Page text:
Corridor are a group from Montreal and this is their Sub Pop debut, Junior. The rock'n'roll band had barely inked their record deal when they surfed into studio, racing against time to make the most dazzling, immediate and inventive album of their young career: 39 minutes of darting and dodging guitars, spiraling vocal harmonies, and the complicated, goldenrod nostalgia of a Sunday mid-afternoon.
Singers, two guitars, bass, drums: the timelessness of the setup underpins the timelessness of the sound, a rock'n'roll borrowing from each of the past six decades—punk and pop, psych and jangle, daydream and swoon. This is music that's muscular, exciting and full of love, its riffs a kind of medicine. Whereas Corridor's past work could sometimes seem overstuffed, twenty ideas to the same song, the new work is hypnotic, distilled.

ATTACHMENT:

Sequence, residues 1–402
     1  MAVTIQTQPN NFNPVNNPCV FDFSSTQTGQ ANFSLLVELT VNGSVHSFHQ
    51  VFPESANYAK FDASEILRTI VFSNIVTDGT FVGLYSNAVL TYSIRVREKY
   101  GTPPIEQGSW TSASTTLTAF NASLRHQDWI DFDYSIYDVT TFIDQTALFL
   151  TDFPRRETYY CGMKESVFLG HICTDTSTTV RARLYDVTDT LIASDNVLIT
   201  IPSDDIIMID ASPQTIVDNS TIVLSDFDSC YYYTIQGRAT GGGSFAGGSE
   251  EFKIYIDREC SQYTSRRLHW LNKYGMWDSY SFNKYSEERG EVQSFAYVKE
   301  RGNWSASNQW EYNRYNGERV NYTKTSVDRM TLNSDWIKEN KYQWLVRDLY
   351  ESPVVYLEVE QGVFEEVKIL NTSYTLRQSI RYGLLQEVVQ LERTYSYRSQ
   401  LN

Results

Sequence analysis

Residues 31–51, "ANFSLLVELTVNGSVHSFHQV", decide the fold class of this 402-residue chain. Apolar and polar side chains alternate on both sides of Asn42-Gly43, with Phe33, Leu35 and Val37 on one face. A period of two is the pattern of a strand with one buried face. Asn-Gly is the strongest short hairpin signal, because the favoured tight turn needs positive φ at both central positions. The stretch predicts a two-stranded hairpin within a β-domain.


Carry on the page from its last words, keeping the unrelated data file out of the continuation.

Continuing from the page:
Sub Pop have never before, in their 33-year history, signed a Francophone act. Maybe the band's magic springs from their ingenious hooks, their topaz-tinted vision. Maybe it's the panache of Québec's insurgent underground scene, or the camaraderie of Robert and Berthiaume, who have played together since they were 14. Maybe it's their name—a hallway crossed with a toreador. Probably it's all of these, and none of them: Junior is a joy, a hasty miracle, because it's so much damn fun to listen to. This album is 39 minutes; each day has 24 hours; you can listen 36 times before tomorrow.